Nigerian HIV Education: This project is currently being run by Nigerian project director Prince Odimegwu Onwumere. This project began in November of 2006 and is still in the planning phase. To start; the project needs a computer to store vital information. A donated computer would be gratefully accepted, or approximately $500 USD will buy one.
As WTE evolves, we continue to place the values of Responsibility, Respect and Sustainability at the center of each of our projects. Working in equality with local partners, we work to empower local, community-based action that is context-specific.
Artists For Charity: An organization of artists who have offered their time and efforts for various causes, both in fundraising and for awareness purposes. This organization works with WTE in implementing HIV education in the south of Ethiopia. Artists for Charity's children's home in Ethiopia, where orphaned children living with HIV/AIDS are cared for in a family type setting, is also involved with WTE.
RESPECT International (Refugee Education Sponsorship Program: Enhancing Communities Together): RESPECT is committed to raising awareness among international youth about refugees and refugee issues. It encourages activism among youth while empowering refugee children and communities. It does this through letter and cultural exchange, and the donation and transport of education-related material aid. http://www.respectrefugees.org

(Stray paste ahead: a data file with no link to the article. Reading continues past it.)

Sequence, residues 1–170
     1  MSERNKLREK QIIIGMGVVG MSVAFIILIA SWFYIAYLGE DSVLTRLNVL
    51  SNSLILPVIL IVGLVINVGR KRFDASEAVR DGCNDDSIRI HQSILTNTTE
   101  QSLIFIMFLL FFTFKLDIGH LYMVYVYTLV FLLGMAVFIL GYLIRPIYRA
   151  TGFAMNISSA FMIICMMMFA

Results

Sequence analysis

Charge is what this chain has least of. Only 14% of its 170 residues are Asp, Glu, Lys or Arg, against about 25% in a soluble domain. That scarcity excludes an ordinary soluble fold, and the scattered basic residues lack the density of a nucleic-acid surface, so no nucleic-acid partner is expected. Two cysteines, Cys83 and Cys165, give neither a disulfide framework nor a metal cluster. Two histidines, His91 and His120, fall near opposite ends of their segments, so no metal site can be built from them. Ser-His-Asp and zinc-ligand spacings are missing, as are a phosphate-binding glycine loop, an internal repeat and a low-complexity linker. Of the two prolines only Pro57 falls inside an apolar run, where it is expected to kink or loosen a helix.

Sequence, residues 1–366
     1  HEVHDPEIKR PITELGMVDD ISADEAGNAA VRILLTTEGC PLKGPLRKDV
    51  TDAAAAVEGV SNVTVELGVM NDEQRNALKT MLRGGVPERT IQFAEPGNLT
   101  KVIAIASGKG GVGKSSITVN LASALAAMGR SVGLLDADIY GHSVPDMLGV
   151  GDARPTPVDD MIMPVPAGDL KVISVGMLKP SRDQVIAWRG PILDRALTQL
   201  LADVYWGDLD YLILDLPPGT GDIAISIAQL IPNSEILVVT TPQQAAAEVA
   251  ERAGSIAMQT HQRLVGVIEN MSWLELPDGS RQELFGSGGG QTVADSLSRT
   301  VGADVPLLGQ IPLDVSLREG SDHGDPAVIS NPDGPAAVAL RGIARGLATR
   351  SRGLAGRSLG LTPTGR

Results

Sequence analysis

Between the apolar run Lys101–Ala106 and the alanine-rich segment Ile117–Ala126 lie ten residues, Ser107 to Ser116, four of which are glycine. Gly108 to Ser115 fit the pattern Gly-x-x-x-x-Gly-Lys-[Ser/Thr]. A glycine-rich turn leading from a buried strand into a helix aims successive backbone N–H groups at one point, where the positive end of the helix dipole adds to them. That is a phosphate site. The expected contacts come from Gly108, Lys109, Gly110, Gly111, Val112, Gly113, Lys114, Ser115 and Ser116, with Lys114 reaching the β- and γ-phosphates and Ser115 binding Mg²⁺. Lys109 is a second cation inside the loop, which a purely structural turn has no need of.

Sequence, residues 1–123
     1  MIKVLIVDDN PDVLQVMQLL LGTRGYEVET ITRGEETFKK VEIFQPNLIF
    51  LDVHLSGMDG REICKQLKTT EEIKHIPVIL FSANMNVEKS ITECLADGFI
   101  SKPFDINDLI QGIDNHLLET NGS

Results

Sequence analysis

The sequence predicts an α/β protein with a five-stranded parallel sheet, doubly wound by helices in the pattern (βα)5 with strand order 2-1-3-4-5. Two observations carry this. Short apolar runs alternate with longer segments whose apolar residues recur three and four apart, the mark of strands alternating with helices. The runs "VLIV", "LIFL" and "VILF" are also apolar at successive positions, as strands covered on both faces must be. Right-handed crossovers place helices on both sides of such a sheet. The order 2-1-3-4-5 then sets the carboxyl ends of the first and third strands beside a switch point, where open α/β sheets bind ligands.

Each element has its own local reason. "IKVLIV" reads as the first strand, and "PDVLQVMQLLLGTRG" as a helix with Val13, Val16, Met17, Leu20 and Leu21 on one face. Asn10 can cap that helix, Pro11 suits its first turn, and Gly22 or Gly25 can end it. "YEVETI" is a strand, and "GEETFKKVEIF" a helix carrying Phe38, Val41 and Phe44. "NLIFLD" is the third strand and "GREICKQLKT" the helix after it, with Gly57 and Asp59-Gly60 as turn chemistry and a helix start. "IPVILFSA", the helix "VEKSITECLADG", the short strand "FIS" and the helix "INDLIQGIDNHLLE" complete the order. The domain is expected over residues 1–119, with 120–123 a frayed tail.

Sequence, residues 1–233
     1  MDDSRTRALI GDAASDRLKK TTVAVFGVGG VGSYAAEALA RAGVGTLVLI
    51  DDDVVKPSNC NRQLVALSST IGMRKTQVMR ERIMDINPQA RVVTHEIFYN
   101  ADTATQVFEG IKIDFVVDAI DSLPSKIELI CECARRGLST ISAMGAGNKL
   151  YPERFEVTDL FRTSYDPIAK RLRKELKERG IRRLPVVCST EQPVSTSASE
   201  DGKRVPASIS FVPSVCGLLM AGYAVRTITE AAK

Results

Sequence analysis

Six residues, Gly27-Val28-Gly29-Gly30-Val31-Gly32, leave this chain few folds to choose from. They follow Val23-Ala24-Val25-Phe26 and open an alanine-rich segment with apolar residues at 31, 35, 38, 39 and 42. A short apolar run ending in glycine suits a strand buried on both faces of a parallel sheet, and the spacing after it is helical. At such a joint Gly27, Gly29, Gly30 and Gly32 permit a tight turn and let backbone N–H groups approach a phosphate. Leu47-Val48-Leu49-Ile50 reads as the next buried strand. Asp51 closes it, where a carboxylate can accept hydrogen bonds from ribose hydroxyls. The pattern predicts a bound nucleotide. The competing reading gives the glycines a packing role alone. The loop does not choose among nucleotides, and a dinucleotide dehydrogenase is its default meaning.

ArtHum: Artists for Humanity is a non-profit association in DR Congo (Kinshasa). The association was created in 1999. Its global objective is to contribute to Humanity's safeguard by using mechanisms promoting the development of cultural and artistic potentials. It strives to bring out good sense and to answer problems resulting from the drift of human behaviour and from natural disasters. ArtHum's efforts are concentrated on the 'red zone' of the Democratic Republic of Congo. The zone stretches from North Kivu to the north of Katanga.
CELA: The CELA center is operating in Lugufu Camp, Tanzania. Lugufu is a Congolese refugee camp and CELA works in the field of education and information. This organization is created and operated by refugees themselves. CELA is directed by Atuu Waonaje and is a long-time RESPECT International affiliate, participating in the international letter exchange program.